Follow one crying eye on

Present Laughter at The Old Vic – rekindling my theatre mania

June 2019 – I’m claiming it was an accident that I went to see ‘Present Laughter’ at the Old Vic on the Saturday night preview. It sort of was. I have been using the TodayTix app recently at the recommendation of one of my younger friends (and it is indeed marvellous, with a personal touch when you contact them directly which I seriously would not have expected) and I noticed they were offering Rush tickets for this play. The production was on my radar to attend; I had seen reference to it on the Graham Norton show and also in my newsfeed because I saw ‘A Christmas Carol’ there in the sale in January and such information tends to follow one around online these days. I have not used this feature before but I was keen to get tickets for the following week and thought I should check to see how it would work. By amazing dexterity I could almost certainly not repeat, I found myself online at exactly the right time and before I knew it, a ticket seemed to be in my basket waiting for me to press BUY.  So I did, and actually now that the reviews are in and the world has once again gone mad for Andrew Scott, I am relieved that I don’t have to worry about missing this stunning performance (although I’d like to go again really – maybe 47 times?).

I grew up with both amateur and provincial repertory drama and am quite comfortable with the traditional play format, also would happily see Noel Coward’s work for light entertainment any time. But this was something else. I confess that, due to the ‘accidental’ nature of my attendance, I had not done a great deal of research and I tend not to read the programme until I’m on the train home, so I was unaware of the changes made to the gender of some of the characters. I was therefore somewhat surprised that Coward had got away with some of the male-on-male (although I ‘intelligently’ assumed that licence had been taken with some of the stage directions!). Twit. Maybe that added to the overall effect though.  I have since read that in some performances people have gasped in shock in places – I’m far too broadminded for that, of course, but still it brings a bit of an edge.

Nearly all the performances were excellent. I particularly enjoyed Sophie Thompson as Monica the secretary – how I wanted to be her (if I could act, which of course I can’t but we can all dream can’t we?). What a wonderful part and played with great arch comic timing.  Indira Varma (Liz) was completely believable, the characters of Daphne and Mr Maule (Kitty Archer and Luke Thallon) energetically and brilliantly portrayed, the manservant Fred (Joshua Hill) a touch of comedic reality and a nice foil to Garry (again, a lovely part) … I could go on but these were my favourites.  Apart from, you guessed it, the magnificent Andrew Scott.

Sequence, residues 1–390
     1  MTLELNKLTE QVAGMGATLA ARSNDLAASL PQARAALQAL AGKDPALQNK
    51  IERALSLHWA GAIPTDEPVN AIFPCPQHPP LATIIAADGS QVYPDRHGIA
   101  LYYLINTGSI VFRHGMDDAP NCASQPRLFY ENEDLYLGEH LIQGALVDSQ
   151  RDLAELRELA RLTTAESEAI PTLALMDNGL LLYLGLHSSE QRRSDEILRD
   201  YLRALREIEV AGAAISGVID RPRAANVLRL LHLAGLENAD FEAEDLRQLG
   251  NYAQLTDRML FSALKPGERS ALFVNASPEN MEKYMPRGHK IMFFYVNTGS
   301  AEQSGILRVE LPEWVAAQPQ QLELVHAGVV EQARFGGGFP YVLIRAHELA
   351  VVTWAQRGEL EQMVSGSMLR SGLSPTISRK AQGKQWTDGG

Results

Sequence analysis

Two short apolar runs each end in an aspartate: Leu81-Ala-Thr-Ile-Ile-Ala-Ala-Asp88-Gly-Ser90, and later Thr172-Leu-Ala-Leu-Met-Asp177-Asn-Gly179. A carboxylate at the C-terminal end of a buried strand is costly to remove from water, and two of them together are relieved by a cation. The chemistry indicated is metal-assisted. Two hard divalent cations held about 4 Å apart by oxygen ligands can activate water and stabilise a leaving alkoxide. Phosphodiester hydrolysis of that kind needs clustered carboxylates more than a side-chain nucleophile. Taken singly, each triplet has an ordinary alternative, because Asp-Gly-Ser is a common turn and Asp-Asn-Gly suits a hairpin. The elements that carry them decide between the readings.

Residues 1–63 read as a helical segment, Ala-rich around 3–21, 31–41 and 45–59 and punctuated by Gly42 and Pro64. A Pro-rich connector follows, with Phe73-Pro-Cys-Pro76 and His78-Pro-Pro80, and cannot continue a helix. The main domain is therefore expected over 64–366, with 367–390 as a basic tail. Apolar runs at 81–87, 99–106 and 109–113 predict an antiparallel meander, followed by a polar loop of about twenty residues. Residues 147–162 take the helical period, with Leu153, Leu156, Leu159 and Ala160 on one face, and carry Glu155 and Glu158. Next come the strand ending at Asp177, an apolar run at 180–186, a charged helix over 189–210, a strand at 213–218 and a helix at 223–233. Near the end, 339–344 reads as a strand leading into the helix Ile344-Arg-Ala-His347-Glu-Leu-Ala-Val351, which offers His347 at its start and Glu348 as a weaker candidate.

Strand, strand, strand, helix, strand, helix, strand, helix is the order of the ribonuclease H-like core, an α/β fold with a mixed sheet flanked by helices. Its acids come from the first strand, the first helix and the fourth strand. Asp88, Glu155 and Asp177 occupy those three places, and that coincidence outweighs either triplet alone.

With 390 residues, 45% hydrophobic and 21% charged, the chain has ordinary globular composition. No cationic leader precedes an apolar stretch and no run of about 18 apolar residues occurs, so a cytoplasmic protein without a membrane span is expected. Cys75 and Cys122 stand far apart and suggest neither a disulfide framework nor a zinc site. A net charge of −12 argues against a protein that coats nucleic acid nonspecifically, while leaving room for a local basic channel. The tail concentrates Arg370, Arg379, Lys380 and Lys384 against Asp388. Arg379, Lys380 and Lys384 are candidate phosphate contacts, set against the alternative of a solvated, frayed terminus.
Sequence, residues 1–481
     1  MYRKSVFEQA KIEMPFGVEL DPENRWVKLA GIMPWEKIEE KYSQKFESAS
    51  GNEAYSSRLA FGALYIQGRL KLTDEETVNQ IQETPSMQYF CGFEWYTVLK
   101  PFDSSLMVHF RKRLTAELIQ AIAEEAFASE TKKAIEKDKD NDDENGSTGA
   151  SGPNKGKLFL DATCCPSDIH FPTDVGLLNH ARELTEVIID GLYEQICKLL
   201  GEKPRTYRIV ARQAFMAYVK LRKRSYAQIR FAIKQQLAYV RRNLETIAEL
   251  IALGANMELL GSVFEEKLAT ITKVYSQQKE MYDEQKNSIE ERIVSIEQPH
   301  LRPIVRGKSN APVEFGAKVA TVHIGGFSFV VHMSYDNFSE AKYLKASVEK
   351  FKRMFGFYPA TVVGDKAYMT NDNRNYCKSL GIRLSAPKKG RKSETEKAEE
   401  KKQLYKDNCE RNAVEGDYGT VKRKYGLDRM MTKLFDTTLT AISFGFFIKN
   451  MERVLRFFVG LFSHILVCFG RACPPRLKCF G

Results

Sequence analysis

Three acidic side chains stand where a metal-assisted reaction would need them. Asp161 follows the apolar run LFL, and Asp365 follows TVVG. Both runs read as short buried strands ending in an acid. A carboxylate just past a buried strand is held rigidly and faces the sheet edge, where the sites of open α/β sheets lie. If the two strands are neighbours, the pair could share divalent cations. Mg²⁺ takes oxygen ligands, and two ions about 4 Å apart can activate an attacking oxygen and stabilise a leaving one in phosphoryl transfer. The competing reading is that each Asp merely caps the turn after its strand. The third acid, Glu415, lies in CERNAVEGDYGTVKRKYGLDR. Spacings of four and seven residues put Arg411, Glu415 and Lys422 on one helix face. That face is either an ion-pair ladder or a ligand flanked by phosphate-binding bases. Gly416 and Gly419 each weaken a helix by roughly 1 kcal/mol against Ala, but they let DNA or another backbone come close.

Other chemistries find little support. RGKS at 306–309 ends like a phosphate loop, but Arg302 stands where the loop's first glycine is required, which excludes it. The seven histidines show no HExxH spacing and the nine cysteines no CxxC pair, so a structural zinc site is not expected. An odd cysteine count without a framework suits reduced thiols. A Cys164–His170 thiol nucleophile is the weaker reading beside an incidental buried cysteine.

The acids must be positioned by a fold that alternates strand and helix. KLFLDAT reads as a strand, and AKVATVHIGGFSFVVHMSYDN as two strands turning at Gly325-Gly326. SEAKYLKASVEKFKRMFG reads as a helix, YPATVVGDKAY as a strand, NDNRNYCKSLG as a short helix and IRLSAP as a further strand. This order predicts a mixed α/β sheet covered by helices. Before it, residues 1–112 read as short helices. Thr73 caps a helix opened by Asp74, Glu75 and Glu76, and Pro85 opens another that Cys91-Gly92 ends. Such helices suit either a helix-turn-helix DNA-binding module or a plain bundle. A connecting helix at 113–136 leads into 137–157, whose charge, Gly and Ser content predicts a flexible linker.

I am a sucker for the stage and enjoy nothing more than to be able to see real emotion and engagement up there – and especially enjoyment – but Garry was on a different level here – just marvellous. Even with impeccable timing and comedic delivery to get all the laughs from the expertly crafted script (a richness of quotable lines here), this part could have come across as two-dimensional. But this was much more than that – an exploration of the real person beneath the matinee idol. How does that guy Scott move so seamlessly from fury and madness to playfulness and near-gentleness then back to face-slapping derangement? He is immensely watchable, intriguing almost, and I described myself as star-struck immediately afterwards, which is of course completely appropriate to this production.

I was in the front row which is not always the best place to see a play, giving, as it does, a sometimes squinty view of the stage. However, it was fantastic to be so up-close to the action, to see the facial expressions completely, to almost feel the raised blood-pressure, the frustration, to witness at close quarters the joyous leaps across the furniture and see the emotions (and sometimes the spit) – and bizarrely to be gently assaulted with multiple balloons rolling off the stage towards the end.

This is what theatre is all about to me (the emotion, not the balloons or the spit – well, perhaps sometimes the spit as long as it doesn’t quite reach me). It doesn’t have to be comedy, although I think that might be my slightly favourite genre, but it needs to evoke that awe of performance, the emotional attachment and the sheer fun somehow.

I must go there more often.  I shall!

Post-script note to self – ‘For the love of God stop being theatrical!!’

PPS – (March 2020) I DID go more often. Many many theatre visits since last June. Perhaps I should write more reviews. I sometimes comment in the blog. Theatres all closed right now though.

Follow one crying eye on